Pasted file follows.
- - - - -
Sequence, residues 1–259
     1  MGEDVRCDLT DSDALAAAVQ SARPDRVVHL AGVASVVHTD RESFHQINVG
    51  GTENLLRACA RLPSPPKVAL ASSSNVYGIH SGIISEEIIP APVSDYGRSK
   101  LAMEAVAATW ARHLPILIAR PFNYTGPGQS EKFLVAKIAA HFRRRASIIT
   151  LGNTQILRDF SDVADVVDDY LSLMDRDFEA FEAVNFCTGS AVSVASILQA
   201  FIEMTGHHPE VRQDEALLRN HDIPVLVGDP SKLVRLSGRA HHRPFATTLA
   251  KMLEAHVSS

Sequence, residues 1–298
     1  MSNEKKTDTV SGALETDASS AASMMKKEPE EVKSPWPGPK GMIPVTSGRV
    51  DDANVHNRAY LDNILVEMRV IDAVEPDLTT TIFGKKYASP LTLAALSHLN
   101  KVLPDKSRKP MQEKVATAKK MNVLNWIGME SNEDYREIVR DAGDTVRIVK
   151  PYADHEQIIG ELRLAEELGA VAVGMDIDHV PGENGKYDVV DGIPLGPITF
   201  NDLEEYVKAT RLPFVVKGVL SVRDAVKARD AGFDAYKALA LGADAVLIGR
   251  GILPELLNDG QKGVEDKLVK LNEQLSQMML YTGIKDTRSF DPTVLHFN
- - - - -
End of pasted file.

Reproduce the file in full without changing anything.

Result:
Sequence, residues 1–259
     1  MGEDVRCDLT DSDALAAAVQ SARPDRVVHL AGVASVVHTD RESFHQINVG
    51  GTENLLRACA RLPSPPKVAL ASSSNVYGIH SGIISEEIIP APVSDYGRSK
   101  LAMEAVAATW ARHLPILIAR PFNYTGPGQS EKFLVAKIAA HFRRRASIIT
   151  LGNTQILRDF SDVADVVDDY LSLMDRDFEA FEAVNFCTGS AVSVASILQA
   201  FIEMTGHHPE VRQDEALLRN HDIPVLVGDP SKLVRLSGRA HHRPFATTLA
   251  KMLEAHVSS

Sequence, residues 1–298
     1  MSNEKKTDTV SGALETDASS AASMMKKEPE EVKSPWPGPK GMIPVTSGRV
    51  DDANVHNRAY LDNILVEMRV IDAVEPDLTT TIFGKKYASP LTLAALSHLN
   101  KVLPDKSRKP MQEKVATAKK MNVLNWIGME SNEDYREIVR DAGDTVRIVK
   151  PYADHEQIIG ELRLAEELGA VAVGMDIDHV PGENGKYDVV DGIPLGPITF
   201  NDLEEYVKAT RLPFVVKGVL SVRDAVKARD AGFDAYKALA LGADAVLIGR
   251  GILPELLNDG QKGVEDKLVK LNEQLSQMML YTGIKDTRSF DPTVLHFN